window.dataLayer = window.dataLayer || []; function gtag(){dataLayer.push(arguments);} gtag('js', new Date());gtag('config', 'G-4J7CECC45W');Reversing the decline of insects | Hollingbourne Parish Council
Skip to main content

News & Events

Reversing the decline of insects

Much as we like to imagine we live in a green and pleasant land; the truth is that the UK is now one of the most nature depleted countries in the world.

Craig Bennet, Chief Executive, The Wildlife Trusts writes in a new report from the Wildlife Trust “Reversing the Decline of Insects” which focuses on the rapidly diminishing insect populations and the steps we can do as communities to help prevent these.

The lead author is Professor Dave Goulson, a professor of biology who specialises in bumblebee ecology and founded the Bumblebee Conservation Trust. He highlighted some of the alarming statistics in his recent book The Garden Jungle.

“Wildflower meadows used to cover much of lowland Britain: 7m acres of them in 1930s. Only 2% of these remain. Hedgehogs have declined in numbers by 50% in just the last 15 years. In parts of China, farmers now have to hand-pollinate fruit trees because pesticides have wiped out the bees. In the UK, orchards are typically sprayed 26 times a year with insecticides, fungicides and other chemicals: “those rosy, shiny apples on the supermarket shelf got there as a result of environmental carnage”.

The main insecticide, Goulson notes, was chlorpyrifos, belonging to the chemical family of organophosphates which are also toxic for people.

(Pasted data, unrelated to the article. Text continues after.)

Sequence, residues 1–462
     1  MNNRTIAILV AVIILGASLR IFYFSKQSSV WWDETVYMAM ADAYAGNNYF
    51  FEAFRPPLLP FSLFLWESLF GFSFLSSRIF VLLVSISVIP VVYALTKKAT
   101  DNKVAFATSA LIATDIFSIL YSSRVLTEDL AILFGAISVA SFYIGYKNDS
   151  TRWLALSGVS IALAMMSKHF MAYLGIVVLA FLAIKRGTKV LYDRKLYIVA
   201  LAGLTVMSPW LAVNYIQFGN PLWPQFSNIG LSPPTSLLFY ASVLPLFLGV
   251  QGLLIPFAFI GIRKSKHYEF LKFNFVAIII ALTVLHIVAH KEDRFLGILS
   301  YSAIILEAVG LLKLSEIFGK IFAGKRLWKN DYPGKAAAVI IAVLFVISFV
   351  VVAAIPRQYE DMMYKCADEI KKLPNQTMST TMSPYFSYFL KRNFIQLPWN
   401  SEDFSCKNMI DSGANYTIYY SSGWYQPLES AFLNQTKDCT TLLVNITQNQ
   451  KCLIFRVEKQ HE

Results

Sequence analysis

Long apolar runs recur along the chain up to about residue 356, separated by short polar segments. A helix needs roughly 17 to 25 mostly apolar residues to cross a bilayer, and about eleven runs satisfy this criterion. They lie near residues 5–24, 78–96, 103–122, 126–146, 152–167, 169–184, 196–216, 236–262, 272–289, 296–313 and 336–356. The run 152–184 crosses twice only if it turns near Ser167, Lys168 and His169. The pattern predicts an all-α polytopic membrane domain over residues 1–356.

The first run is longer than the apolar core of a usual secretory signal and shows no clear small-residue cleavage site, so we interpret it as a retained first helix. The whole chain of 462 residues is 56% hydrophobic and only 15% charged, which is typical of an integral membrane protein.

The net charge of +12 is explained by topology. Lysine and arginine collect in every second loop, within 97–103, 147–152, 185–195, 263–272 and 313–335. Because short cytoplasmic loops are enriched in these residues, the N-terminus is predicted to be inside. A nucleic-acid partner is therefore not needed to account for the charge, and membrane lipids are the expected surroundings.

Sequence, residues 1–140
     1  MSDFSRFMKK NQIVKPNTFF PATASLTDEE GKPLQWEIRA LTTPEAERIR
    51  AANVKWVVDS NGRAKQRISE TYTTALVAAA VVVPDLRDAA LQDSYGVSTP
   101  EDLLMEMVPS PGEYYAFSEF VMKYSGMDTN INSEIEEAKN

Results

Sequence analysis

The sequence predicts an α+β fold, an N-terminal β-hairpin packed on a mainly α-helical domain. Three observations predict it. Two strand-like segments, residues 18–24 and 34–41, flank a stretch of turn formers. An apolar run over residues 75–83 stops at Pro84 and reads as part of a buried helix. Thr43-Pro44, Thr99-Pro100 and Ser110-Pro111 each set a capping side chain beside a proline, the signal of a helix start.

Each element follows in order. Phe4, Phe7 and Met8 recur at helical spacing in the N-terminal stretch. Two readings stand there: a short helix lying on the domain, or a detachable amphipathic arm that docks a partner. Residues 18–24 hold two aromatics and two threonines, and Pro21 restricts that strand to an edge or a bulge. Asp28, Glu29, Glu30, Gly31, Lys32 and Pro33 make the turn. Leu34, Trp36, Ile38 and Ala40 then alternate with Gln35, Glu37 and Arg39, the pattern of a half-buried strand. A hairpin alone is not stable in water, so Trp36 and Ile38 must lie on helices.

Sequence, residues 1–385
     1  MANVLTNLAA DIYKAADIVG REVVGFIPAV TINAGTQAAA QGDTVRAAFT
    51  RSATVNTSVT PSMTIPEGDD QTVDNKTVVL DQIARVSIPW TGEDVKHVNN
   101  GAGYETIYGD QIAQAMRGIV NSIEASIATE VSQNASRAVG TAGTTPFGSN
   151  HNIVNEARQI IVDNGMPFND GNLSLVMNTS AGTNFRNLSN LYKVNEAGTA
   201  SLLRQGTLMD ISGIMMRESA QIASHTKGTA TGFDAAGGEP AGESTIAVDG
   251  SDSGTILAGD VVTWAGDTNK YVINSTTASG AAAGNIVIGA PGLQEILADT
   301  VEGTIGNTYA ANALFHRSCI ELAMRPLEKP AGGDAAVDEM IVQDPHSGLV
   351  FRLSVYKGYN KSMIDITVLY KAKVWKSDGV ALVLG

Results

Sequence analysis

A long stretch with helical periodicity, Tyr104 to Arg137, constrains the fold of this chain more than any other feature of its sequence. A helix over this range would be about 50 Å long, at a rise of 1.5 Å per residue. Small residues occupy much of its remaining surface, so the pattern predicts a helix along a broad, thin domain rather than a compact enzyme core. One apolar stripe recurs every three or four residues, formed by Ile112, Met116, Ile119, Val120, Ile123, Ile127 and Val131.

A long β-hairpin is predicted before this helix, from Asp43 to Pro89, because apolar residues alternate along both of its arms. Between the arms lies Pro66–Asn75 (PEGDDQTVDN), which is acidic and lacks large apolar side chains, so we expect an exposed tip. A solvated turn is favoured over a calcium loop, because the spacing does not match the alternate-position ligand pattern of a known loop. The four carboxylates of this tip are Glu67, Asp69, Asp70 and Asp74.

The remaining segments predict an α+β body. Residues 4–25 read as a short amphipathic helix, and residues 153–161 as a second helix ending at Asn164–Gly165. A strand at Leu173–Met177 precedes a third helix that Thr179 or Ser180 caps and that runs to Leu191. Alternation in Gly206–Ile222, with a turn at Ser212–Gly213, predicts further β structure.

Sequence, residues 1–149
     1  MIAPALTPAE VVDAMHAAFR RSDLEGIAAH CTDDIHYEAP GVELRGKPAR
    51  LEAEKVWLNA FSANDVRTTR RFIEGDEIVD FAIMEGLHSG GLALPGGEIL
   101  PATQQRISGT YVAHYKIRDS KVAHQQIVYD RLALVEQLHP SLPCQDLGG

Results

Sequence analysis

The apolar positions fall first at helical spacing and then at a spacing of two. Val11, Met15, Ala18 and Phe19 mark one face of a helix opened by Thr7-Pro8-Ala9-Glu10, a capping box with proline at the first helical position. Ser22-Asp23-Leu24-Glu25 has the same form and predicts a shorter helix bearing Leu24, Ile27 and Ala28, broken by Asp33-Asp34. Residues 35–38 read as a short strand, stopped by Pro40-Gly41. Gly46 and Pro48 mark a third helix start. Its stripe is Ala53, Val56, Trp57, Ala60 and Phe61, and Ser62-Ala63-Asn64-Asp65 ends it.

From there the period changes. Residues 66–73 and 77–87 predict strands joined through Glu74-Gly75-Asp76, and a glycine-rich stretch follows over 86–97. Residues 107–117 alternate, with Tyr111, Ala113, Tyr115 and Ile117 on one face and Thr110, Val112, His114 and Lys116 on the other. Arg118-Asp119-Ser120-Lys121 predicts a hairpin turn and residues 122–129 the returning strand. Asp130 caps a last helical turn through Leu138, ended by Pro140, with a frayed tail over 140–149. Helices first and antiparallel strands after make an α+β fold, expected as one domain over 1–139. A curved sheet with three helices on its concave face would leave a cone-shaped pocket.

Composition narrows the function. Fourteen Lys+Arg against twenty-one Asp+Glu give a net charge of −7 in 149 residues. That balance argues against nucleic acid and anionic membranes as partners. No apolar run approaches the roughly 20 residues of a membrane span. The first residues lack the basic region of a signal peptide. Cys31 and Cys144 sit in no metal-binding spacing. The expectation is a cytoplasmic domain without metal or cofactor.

Whether as an individual, you ‘like’ insects or not, we need them. Without their help in recycling nutrients and keeping soil healthy, it would be much harder to grow crops, and the three quarters of our crops that require insect pollinators would produce little or nothing. We could not feed the growing human population without the help of insects, so we have a very pressing, personal reason to look after them. Yet, 41% face extinction.

It’s not too late to bring them back, but urgent action is needed. We can all do our bit, by making the communities we live in more insect-friendly. Simple, non-intervention practices such as allowing wildflowers to grow alongside paths, on parish greens and in churchyards, to more specific changes like declaring pesticide-free towns.

Download the Wildlife Trust report as a PDF here Reversing-the-Decline-of-Insects-Report-EMBARGO-08.07.20-FINAL.pdf (2 downloads)

Sign up for your free guide here .

Kent Wildlife Trust

Tell us what you’re up to. Post the actions you’re taking on social media, use #ActionForInsects and tag @kentwildlife

Margaret Mead 1024x410 1